Printing on a modern 3D-printer is made with the use of a plastic filament, produced from various materials. Quality filament for 3D printer is created from such supplies and materials as ABS, PLA, and HIPS. The use of high quality raw materials allows manufacturers to create unique operational and technical properties of the materials which can be used to make a variety of things.
Liz Havlin, the businesswoman from the American city of Seattle is known for working on launching the project for the new extruder that produces filament for 3D printer out of recycled plastic granules.
According to Havlin, the new device, which is called Legacy will help to reduce plastic waste, contaminating the environment and may become a new source of income for poor residents of developing countries. The device itself was developed by 83-year-old Seattle inventor Hugh Lyman and originally was called the Lyman Filament Extruder II. It is a small platform, which has a nozzle of the automatic wind-up mechanism and a pin with the coil wrapping the ready yarn. Thus, once the coil is filled, the user simply cuts the thread and sets the spool on his 3D printer. The thickness of the finished yarn depends on the diameter of the nozzle, installed on the extruder. According to the inventor, by using the device, the user can save up to 80 percent of the material for 3D printer. Thus, the coil of plastic filament costs about $50 per kilogram, while the acquisition of kilo of plastic granules and independent manufacturing of these threads will cost just $10.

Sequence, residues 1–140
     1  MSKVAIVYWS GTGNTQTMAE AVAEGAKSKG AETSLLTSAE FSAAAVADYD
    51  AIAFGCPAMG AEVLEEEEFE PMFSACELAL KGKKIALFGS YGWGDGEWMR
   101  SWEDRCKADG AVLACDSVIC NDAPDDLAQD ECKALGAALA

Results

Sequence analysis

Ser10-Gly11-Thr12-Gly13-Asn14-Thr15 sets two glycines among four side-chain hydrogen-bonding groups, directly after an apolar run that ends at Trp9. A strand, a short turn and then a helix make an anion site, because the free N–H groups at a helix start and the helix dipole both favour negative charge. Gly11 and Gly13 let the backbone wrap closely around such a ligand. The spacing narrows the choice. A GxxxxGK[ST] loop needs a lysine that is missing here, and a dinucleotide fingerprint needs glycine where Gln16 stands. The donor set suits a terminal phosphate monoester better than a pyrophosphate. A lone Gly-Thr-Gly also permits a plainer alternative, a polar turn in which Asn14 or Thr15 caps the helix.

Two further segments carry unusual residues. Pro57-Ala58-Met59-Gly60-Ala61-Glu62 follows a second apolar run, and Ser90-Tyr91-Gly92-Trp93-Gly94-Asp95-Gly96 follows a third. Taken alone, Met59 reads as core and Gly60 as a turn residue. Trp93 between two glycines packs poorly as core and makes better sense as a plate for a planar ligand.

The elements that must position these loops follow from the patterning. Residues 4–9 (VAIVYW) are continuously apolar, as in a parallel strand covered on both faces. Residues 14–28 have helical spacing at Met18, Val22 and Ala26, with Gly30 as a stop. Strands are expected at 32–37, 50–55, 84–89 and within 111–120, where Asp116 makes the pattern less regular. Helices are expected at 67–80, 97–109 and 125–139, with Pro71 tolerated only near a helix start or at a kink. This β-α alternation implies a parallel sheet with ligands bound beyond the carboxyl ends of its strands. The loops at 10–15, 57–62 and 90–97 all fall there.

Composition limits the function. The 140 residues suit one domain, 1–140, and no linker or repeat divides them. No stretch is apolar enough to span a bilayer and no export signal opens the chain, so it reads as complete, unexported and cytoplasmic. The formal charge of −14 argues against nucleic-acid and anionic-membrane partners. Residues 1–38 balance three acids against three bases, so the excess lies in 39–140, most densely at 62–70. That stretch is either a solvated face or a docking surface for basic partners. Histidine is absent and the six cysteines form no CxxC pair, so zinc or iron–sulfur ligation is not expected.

The inventor built the extruder from parts with a total value of $250. In fact, this device with open source code can be built by anyone. But Havlin proposed to run on the Kickstarter a project to raise funds in the amount of 30 thousand dollars to release fully ready-to-use extruders, also with open source codes. The participants of the project, investing $499, could receive the Legacy basic kit that includes everything required for the manufacture of filaments for a 3D printer.